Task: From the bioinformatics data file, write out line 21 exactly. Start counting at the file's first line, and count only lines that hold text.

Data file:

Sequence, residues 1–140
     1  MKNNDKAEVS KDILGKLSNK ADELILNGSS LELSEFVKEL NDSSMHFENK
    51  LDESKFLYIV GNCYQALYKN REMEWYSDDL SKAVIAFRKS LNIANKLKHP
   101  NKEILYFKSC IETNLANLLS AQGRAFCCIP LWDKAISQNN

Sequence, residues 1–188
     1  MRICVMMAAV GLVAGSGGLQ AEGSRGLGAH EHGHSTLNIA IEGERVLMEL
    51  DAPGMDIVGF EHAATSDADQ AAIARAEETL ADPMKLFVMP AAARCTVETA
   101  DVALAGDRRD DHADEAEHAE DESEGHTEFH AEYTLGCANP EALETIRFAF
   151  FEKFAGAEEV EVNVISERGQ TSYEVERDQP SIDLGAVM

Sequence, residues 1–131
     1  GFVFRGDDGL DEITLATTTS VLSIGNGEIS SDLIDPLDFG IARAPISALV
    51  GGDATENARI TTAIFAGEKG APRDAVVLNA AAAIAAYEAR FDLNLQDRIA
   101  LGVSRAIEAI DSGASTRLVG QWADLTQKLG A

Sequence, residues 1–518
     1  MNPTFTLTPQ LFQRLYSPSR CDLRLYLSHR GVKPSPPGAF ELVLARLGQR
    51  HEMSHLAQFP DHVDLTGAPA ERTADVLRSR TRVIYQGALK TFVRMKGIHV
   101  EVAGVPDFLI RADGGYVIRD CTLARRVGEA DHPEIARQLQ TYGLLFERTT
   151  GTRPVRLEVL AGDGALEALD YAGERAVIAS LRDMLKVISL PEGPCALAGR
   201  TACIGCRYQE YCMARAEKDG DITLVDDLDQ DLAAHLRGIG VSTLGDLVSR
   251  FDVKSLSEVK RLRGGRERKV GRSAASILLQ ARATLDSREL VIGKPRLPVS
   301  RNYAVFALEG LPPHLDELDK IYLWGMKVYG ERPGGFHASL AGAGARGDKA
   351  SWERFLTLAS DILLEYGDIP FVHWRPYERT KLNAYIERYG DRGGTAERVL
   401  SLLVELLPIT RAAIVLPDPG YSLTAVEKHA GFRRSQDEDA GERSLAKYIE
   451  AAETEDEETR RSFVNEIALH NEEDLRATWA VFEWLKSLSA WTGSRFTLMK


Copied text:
   301  RNYAVFALEG LPPHLDELDK IYLWGMKVYG ERPGGFHASL AGAGARGDKA